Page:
Another pearl of a resource on Twitter is this thread by Madison on 10 of fundamentalal concepts of Javascript — and programming in general for that matter.

For your convience, I copied the links below. Just click them to browse to the resource and learn more about the concept

Some time back the animations below went sort of viral in the statistical programming community. In them, economics professor Nick Huntington-Klein demonstrates step-by-step how statistical tests estimate effect sizes.

I recently came across this lovely article where Ali Spittel provides 7 tips for writing cleaner JavaScript code. Enthusiastic about her guidelines, I wanted to translate them to the R programming environment. However, since R is not an object-oriented programming language, not all tips were equally relevant in my opinion. Here’s what really stood out for me.

1. Use clear variable and function names

Suppose we want to create our own custom function to derive the average value of a vector v (please note that there is a base::mean function to do this much more efficiently). We could use the R code below to compute that the average of vector 1 through 10 is 5.5.

avg <- function(v){
s = 0
for(i in seq_along(v)) {
s = s + v[i]
}
return(s / length(v))
}
avg(1:10) # 5.5

However, Ali rightfully argues that this code can be improved by making the variable and function names much more explicit. For instance, the refigured code below makes much more sense on a first look, while doing exactly the same.

averageVector <- function(vector){
sum = 0
for(i in seq_along(vector)){
sum = sum + vector[i]
}
return(sum / length(vector))
}
averageVector(1:10) #5.5

Of course, you don’t want to make variable and function names unnecessary long (e.g., average would have been a great alternative function name, whereas computeAverageOfThisVector is probably too long). I like Ali’s principle:

Don’t minify your own code; use full variable names that the next developer can understand.

2. Write short functions that only do one thing

Ali argues “Functions are more understandable, readable, and maintainable if they do one thing only. If we have a bug when we write short functions, it is usually easier to find the source of that bug. Also, our code will be more reusable.” It thus helps to break up your code into custom functions that all do one thing and do that thing good!

For instance, our earlier function averageVector actually did two things. It first summated the vector, and then took the average. We can split this into two seperate functions in order to standardize our operations.

sumVector <- function(vector){
sum = 0
for(i in seq_along(vector)){
sum = sum + vector[i]
}
return(sum)
}
averageVector <- function(vector){
sum = sumVector(vector)
average = sum / length(vector)
return(average)
}
sumVector(1:10) # 55
averageVector(1:10) # 5.5

If you are writing a function that could be named with an “and” in it — it really should be two functions.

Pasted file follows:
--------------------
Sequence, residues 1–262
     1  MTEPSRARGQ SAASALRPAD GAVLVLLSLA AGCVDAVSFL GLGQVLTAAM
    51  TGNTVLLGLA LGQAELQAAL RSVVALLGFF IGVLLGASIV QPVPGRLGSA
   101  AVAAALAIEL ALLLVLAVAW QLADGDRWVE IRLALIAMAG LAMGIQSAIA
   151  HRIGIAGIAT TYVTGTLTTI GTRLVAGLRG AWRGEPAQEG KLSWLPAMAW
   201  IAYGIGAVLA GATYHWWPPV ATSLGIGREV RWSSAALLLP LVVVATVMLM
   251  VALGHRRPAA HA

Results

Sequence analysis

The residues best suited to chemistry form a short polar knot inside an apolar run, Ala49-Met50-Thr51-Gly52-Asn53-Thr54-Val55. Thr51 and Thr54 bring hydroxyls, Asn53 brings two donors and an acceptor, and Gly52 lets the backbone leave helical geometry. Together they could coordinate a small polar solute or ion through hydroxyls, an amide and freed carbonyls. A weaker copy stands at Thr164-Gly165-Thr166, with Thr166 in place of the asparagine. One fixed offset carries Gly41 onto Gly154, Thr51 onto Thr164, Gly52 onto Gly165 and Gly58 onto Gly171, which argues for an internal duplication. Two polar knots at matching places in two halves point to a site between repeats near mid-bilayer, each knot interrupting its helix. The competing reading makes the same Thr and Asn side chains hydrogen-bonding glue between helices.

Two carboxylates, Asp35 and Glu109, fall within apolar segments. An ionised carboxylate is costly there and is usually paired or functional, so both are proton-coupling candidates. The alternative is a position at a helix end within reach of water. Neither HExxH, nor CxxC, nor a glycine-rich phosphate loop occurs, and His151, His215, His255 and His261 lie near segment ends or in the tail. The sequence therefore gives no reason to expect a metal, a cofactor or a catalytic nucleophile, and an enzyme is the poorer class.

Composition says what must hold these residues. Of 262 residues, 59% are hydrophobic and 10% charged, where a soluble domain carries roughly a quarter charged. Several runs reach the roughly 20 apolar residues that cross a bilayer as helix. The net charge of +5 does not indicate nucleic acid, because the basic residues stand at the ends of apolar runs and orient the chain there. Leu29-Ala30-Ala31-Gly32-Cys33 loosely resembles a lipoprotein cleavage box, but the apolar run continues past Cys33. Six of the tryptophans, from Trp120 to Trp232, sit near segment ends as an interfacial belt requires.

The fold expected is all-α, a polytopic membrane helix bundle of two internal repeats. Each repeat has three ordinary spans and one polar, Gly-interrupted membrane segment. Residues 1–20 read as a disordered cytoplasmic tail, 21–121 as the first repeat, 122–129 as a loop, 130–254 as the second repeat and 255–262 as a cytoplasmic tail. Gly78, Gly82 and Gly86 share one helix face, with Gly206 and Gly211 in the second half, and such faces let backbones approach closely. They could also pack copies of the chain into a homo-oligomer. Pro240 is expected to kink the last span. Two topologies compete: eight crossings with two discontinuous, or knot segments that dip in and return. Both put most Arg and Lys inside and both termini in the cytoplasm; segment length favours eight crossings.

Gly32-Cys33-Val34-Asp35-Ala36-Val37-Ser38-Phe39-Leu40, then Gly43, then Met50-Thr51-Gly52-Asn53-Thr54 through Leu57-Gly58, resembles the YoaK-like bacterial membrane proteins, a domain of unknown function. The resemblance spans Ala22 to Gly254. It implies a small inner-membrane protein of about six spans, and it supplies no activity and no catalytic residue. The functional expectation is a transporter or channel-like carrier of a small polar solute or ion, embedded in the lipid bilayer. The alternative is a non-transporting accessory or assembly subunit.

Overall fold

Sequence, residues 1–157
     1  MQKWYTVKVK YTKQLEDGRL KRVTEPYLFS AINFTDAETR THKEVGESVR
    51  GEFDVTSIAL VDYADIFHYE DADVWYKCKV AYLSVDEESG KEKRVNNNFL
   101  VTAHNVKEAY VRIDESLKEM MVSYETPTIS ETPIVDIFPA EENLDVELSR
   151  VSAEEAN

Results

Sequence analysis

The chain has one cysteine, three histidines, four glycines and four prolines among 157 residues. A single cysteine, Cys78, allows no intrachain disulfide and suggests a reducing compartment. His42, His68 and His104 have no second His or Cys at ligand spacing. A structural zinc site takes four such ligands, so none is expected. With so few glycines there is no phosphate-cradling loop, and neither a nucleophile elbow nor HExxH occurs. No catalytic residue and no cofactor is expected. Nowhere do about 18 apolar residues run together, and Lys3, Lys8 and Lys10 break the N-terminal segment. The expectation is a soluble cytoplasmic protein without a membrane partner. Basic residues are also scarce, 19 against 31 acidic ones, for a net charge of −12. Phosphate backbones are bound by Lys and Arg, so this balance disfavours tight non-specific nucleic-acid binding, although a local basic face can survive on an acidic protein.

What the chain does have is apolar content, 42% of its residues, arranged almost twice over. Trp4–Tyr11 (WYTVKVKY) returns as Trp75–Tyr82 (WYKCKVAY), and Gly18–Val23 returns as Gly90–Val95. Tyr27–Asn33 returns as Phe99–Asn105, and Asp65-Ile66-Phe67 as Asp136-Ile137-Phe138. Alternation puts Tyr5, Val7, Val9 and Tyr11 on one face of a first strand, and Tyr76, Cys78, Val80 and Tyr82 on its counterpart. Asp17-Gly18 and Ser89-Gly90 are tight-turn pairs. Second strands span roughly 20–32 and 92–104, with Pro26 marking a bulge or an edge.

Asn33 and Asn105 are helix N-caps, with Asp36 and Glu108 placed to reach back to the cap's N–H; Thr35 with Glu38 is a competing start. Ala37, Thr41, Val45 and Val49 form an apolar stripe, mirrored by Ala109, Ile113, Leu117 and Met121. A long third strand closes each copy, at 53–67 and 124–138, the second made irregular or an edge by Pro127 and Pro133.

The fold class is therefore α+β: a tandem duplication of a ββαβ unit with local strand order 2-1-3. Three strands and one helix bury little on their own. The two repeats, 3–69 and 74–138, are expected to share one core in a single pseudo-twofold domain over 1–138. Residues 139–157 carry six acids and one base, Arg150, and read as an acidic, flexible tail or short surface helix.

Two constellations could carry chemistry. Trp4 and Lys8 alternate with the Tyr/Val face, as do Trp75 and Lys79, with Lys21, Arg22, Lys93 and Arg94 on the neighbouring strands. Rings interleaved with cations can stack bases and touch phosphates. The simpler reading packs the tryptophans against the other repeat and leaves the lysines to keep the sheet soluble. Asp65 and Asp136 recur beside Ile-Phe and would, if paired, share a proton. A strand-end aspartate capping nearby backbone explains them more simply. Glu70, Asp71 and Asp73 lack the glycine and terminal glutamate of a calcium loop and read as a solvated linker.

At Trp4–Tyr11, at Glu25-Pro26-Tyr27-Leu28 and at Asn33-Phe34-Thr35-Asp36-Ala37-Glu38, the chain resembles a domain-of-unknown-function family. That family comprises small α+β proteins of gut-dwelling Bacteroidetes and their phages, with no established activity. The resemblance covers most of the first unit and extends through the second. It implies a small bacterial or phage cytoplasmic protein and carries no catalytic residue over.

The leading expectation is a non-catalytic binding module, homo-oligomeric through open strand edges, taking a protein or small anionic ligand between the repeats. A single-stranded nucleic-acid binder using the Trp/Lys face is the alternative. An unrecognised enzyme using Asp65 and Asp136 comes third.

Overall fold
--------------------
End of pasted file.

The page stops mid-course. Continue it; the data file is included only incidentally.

3. Documentation

Personally, I am terrible in commenting and documenting my work. I am always too much in a hurry, I tell myself. However, no more excuses! Anybody should make sure to write good documentation for their code so that future developers, including future you, understand what your code is doing and why!

Ali uses the following great example, of a piece of code with magic numbers in it.

Now, you might immediately recognize the number Pi in this return statement, but others may not. And maybe you will need the value Pi somewhere else in your script as well, but you accidentally use three decimals the next time. Best to standardize and comment!

PI <- 3.14 # PI rounded to two decimal places
areaOfCircle <- function(radius) {
# Implements the mathematical equation for the area of a circle:
# Pi times the radius of the circle squared.
return(PI * radius ** 2)
}

The above is much clearer. And by making PI a variable, you make sure that you use the same value in other places in your script! Unfortunately, R doesn’t handle constants (unchangeable variables), but I try to denote my constants by using ALL CAPITAL variable names such as PI, MAX_GROUP_SIZE, or COLOR_EXPERIMENTAL_GROUP.

Do note that R has a built in variable pi for purposes such as the above.

I love Ali’s general rule that:

Your comments should describe the “why” of your code.

However, more elaborate R programming commenting guidelines are given in the Google R coding guide, stating that:

Functions should contain a comments section immediately below the function definition line. These comments should consist of a one-sentence description of the function; a list of the function’s arguments, denoted by Args:, with a description of each (including the data type); and a description of the return value, denoted by Returns:. The comments should be descriptive enough that a caller can use the function without reading any of the function’s code.

Either way, prevent that your comments only denote “what” your code does:

# EXAMPLE OF BAD COMMENTING ####
PI <- 3.14 # PI
areaOfCircle <- function(radius) {
# custom function for area of circle
return(PI * radius ** 2) # radius squared times PI
}

5. Be Consistent

I do not have as strong a sentiment about consistency as Ali does in her article, but I do agree that it’s nice if code is at least somewhat in line with the common style guides. For R, I like to refer to my R resources list which includes several common style guides, such as Google’s or Hadley Wickham’s Advanced R style guide.